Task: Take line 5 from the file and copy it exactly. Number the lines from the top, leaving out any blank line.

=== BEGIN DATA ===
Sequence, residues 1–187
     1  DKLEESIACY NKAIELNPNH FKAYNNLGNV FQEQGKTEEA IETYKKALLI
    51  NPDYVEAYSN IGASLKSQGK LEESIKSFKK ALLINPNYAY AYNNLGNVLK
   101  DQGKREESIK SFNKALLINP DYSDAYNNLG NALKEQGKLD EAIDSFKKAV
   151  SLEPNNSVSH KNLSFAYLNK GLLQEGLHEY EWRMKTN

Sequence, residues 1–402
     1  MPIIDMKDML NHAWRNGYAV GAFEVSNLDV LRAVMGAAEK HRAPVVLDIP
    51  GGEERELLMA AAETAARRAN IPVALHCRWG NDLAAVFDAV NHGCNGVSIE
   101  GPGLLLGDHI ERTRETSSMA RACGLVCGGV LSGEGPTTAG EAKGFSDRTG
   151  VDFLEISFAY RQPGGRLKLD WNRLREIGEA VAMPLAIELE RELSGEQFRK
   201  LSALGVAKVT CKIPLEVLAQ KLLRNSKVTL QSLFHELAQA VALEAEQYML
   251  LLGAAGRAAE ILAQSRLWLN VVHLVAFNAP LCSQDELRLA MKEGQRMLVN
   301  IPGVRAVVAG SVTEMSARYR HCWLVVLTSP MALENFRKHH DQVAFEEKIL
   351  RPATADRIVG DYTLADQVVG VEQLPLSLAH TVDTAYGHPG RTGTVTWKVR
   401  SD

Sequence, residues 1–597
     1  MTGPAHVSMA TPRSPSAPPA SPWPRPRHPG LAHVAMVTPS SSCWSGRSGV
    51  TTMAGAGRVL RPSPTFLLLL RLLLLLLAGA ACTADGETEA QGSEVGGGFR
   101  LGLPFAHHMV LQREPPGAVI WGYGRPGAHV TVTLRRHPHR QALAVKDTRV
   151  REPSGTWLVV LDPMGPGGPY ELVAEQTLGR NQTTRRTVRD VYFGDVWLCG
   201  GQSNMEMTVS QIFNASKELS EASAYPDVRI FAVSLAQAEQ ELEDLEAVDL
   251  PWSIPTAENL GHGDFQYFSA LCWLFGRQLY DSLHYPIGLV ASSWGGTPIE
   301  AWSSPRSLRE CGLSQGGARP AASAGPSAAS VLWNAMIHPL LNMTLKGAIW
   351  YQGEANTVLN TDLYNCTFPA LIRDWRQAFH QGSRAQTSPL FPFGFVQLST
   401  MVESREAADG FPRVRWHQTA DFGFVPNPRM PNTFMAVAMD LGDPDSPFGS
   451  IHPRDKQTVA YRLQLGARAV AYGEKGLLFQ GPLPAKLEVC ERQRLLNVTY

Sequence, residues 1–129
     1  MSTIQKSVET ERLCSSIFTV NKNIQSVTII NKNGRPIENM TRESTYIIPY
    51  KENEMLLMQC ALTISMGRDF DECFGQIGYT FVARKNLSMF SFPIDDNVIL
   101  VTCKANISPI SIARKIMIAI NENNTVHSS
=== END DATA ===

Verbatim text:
   151  SLEPNNSVSH KNLSFAYLNK GLLQEGLHEY EWRMKTN